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Man Had Blunt Force Injuries, Private Autopsy Finds

Man Had Blunt Force Injuries, Private Autopsy Finds

By Ruben Castaneda
Washington Post Staff Writer
Saturday, September 20, 2008; B02

An unarmed man who was fatally shot last month in Langley Park by an off-duty Prince George's County police officer also had blunt force injuries to his face and upper body, according to an autopsy arranged by his family.

Attorneys for Manuel de Jesus Espina's family said the autopsy supports accounts by three witnesses that Officer Steven Jackson, who was working as a security guard at an apartment complex, repeatedly beat Espina with his baton and fist before shooting him.

Injuries might be expected, however, given that police have said Jackson struck Espina with his baton during a struggle.

According to the autopsy, Espina, 43, suffered three lacerations, three contusions and a scratch to his face. Contusions and abrasions were also evident on Espina's arms, on the left side of his neck and near his right shoulder blade, according to the autopsy conducted by Vincent E. Hill.

Jackson, who police have said feared for his life when he fired his gun, required no medical treatment after the Aug. 16 encounter, according to a law enforcement source speaking on condition of anonymity because the investigation is ongoing.

The source's information is corroborated by a recording of police communications reviewed by The Washington Post. A county police officer who arrived at the scene minutes after the shooting was asked by a dispatcher whether any officers were injured. "Negative," the officer said. "No injuries to officers."

Through a representative of his union, Jackson declined to comment. A county police spokesman said the department would not comment because an internal investigation is ongoing.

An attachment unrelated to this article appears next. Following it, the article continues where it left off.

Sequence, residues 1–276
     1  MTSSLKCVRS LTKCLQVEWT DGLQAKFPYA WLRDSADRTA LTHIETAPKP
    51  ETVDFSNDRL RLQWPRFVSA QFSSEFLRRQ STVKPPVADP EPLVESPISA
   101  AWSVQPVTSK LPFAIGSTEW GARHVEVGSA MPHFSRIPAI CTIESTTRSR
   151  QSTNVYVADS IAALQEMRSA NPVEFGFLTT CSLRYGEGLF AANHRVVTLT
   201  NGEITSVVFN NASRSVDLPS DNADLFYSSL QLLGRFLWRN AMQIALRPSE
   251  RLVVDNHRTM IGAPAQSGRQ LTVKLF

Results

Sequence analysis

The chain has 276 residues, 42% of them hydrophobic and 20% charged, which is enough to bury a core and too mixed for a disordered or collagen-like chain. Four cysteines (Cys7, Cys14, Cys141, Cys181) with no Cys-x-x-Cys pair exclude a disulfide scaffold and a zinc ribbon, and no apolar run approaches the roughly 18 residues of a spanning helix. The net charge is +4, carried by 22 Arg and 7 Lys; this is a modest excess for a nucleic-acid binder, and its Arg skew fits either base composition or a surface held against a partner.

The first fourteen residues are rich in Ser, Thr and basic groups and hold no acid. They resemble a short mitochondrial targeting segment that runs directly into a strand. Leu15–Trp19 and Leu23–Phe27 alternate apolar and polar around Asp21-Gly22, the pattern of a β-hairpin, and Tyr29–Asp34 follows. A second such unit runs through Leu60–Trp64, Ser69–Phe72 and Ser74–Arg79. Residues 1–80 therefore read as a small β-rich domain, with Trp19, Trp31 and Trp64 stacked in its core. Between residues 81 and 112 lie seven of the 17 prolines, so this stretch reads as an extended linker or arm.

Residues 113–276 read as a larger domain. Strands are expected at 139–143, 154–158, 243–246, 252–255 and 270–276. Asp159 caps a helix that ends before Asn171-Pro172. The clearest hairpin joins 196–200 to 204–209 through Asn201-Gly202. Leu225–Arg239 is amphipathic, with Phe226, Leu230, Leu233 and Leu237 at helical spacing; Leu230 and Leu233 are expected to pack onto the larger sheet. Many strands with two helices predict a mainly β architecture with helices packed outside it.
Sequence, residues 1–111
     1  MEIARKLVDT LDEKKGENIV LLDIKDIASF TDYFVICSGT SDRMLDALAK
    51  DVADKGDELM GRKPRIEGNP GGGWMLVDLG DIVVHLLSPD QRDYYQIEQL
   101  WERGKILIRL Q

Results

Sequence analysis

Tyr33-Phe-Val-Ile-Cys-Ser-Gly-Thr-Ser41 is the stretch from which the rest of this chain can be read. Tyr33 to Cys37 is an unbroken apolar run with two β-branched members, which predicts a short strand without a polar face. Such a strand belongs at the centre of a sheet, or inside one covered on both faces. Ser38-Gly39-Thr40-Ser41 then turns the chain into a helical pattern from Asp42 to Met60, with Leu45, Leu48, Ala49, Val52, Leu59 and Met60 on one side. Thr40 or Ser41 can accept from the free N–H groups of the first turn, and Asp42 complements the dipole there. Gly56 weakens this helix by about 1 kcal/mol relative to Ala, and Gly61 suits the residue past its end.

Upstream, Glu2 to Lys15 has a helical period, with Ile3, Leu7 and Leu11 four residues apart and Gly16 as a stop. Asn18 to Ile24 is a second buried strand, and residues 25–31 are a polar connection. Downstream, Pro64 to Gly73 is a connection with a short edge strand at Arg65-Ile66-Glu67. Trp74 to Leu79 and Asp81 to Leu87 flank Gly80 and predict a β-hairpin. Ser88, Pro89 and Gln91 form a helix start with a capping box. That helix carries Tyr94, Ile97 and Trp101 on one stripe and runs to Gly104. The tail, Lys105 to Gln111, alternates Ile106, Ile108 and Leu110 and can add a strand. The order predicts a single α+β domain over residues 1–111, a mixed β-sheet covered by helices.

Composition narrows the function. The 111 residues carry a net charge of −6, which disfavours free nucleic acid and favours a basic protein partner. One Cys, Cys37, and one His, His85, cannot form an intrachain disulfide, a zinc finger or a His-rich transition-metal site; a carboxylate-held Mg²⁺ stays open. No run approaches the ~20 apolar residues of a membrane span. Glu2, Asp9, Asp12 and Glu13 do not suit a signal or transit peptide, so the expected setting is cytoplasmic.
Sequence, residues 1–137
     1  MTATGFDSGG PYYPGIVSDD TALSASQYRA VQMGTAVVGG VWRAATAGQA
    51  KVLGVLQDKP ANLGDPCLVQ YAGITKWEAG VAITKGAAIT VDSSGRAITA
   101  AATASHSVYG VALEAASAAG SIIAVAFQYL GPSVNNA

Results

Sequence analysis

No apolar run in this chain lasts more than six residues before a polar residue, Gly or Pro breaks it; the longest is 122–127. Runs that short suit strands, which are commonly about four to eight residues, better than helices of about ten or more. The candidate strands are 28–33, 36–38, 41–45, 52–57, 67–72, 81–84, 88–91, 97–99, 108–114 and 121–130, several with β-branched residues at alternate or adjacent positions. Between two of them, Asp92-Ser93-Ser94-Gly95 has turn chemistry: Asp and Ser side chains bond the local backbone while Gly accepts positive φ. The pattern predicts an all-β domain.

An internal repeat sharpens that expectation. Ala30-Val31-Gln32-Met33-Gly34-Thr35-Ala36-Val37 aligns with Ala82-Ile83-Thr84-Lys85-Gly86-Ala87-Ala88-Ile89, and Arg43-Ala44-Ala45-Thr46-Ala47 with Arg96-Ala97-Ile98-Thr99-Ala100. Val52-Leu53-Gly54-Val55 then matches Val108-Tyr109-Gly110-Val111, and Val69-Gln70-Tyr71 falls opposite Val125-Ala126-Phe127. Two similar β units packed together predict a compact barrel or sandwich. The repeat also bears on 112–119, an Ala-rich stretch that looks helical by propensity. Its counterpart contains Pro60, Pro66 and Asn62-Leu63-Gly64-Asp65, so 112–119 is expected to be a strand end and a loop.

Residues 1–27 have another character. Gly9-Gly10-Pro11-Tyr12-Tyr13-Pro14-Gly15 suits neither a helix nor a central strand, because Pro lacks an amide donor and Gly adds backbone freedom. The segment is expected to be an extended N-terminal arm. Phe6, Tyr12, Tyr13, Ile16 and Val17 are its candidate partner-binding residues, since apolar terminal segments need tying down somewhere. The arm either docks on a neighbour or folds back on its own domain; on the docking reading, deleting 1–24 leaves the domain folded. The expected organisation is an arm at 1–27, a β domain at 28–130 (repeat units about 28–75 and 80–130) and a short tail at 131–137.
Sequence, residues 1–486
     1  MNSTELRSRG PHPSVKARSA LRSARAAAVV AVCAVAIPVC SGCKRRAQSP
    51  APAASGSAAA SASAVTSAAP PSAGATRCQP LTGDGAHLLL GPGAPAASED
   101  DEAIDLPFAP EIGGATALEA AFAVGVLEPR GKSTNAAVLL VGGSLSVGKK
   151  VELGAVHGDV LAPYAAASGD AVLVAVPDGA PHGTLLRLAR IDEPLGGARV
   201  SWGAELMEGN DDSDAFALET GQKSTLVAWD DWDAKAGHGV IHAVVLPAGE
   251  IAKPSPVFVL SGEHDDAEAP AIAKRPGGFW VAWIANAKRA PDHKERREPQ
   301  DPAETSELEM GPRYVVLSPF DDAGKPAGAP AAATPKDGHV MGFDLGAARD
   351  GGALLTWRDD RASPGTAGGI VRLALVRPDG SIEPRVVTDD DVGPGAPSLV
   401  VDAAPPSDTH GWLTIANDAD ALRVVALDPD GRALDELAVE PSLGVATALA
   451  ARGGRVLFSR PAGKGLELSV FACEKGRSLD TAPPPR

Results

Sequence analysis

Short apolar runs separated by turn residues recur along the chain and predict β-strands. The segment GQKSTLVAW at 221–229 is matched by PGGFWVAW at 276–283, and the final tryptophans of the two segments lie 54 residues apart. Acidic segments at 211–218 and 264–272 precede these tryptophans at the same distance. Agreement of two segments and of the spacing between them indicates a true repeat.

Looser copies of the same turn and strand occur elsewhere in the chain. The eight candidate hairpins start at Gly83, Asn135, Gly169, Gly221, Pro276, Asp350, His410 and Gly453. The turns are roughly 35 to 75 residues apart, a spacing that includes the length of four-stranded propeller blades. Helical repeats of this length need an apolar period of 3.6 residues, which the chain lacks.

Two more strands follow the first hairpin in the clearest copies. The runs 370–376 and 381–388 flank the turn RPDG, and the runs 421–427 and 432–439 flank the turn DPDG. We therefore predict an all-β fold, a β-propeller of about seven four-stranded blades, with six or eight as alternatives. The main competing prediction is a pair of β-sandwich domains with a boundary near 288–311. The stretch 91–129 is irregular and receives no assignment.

Police have said that Jackson was trying to arrest Espina after finding him drinking in an apartment building stairwell but that Espina resisted arrest and began to fight the officer. Jackson used pepper spray and his baton, but Espina continued to resist, and Jackson fired his gun after Espina's son arrived and joined the fray, police said.

Police charged Manuel de Jesus Espina Jacome, 26, with assaulting Jackson. His attorney, Thomas C. Mooney, said of the autopsy, "It suggests a brutal beat-down by the police officer."

Timothy F. Maloney, a Greenbelt lawyer who is preparing a civil lawsuit against Jackson on behalf of the Espina family, said the autopsy "is consistent with the eyewitness accounts that the officer badly beat Mr. Espina before he shot him."

State's Attorney Glenn F. Ivey's office, which is also investigating the shooting, is awaiting autopsy results from the D.C. medical examiner. Espina was taken to Washington Hospital Center in the District after he was shot.

"We appreciate the cooperation of the Espina family and their attorney in providing medical records, details about their independent autopsy, names and contact information for witnesses," Ivey said.

Police have not said why Jackson, a four-year veteran of the police force, was trying to arrest Espina. Under Maryland law, police can issue a citation for drinking in public but cannot arrest someone for that offense.

The details of the police accounts of the shooting have varied. The day of the shooting, police said Jackson fired after the elder Espina reached for the officer's gun, and a police commander said Jackson alleged that the two Espinas tried to pull him into the apartment where he shot Espina.

The day after the shooting, police issued a news release saying that Jackson feared for his life when Espina tried to grab his baton.

Finally, the charging document filed against Espina Jacome, by Detective Eric Freeman, provides another version. Espina Jacome is charged with second-degree assault and resisting arrest.

It says Espina was "violently struggling" while Jackson was trying to arrest him inside the apartment. Jackson had managed to get one handcuff on Espina when Espina Jacome pushed the officer from behind, knocking him into a couch, according to the document.

Espina and his son then took Jackson's baton from him, the charging document says.

Three witnesses -- Elvia Rivera, 23, Carlos Cruz, 33, and Espina Jacome -- said in interviews that Jackson beat the unresisting Espina inside the apartment. Espina Jacome has said he dropped to his knees moments before Jackson fired and pleaded with the officer to stop beating his father.






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